# rpm -qa | egrep -e targetcli\|configshell\|rtslib
# chkconfig target on
# service target start

With a little bit of practice, you should have no problem using the targetcli tool, and if you do get into trouble, the help command will prove useful. Additionally, you can find useful documentation on the LIO project website [5].

Many Roads …

Targetcli can use a variety of backstores that store the data. These can be, for example, disks or partitions, but also volumes. You can publish these backstores to your clients using iSCSI by first creating an iSCSI target. The targetcli command automatically generates the iSCSI Qualified Name (IQN), which acts as the address for the target in iSCSI.

Then, you just need to create a portal with an IP address on which your iSCSI target waits for TCP calls. There was no need to state the port (3260) because this is the default. As in production use, you want the same volume to be accessible via two IP addresses--high-availability paths (Figure 2). It makes sense for a test setup to disable iSCSI authentication and switch LIO to Demo mode (Figure 3).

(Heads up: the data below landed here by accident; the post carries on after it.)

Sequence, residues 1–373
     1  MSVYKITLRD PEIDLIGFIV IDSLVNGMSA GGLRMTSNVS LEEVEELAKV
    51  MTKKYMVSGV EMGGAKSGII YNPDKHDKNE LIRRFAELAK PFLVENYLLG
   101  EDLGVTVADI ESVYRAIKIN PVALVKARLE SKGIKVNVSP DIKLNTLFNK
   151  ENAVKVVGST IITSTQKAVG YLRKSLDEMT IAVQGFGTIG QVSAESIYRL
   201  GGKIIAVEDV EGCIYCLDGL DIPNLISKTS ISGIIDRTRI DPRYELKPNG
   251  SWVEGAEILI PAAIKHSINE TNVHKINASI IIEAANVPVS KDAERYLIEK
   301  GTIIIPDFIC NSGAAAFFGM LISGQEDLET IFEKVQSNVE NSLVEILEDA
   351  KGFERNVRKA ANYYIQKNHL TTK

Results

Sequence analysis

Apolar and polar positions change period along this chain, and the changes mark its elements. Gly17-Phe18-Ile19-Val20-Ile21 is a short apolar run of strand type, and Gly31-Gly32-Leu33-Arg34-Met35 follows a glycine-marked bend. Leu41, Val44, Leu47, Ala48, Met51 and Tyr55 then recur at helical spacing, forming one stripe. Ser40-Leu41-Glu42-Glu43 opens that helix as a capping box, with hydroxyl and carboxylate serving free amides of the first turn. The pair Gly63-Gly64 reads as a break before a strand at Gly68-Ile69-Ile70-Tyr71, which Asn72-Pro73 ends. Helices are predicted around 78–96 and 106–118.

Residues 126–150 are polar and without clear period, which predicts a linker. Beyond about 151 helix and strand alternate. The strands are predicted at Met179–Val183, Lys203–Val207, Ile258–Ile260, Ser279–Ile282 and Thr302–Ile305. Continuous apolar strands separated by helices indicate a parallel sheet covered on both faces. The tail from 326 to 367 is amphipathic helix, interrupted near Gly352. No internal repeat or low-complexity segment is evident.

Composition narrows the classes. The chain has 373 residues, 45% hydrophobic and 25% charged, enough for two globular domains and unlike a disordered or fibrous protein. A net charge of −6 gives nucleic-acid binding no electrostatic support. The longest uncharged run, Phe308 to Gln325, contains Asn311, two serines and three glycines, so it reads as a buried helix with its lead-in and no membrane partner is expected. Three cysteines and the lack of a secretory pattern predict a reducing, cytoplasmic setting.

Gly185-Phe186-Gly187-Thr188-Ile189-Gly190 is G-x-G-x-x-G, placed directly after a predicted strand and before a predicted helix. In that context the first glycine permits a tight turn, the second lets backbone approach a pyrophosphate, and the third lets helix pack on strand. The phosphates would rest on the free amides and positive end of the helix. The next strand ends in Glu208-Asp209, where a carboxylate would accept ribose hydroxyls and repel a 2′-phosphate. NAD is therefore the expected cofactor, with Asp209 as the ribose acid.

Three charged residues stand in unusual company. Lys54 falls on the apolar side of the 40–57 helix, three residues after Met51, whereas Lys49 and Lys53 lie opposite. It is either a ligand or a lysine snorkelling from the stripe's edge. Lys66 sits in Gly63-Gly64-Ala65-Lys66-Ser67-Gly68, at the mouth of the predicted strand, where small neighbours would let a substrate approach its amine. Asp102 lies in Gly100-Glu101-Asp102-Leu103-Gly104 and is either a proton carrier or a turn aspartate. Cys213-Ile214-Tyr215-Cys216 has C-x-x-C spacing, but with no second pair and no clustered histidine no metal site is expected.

A target with an iSCSI Qualified Name (IQN) contains two Target Portal Groups (TPGs); it is thus accessible by two routes (IP addresses).
Figure 2: A target with an iSCSI Qualified Name (IQN) contains two Target Portal Groups (TPGs); it is thus accessible by two routes (IP addresses).
Switching off authentication simplifies the configuration process and is recommended for test setups, at least.
Figure 3: Switching off authentication simplifies the configuration process and is recommended for test setups, at least.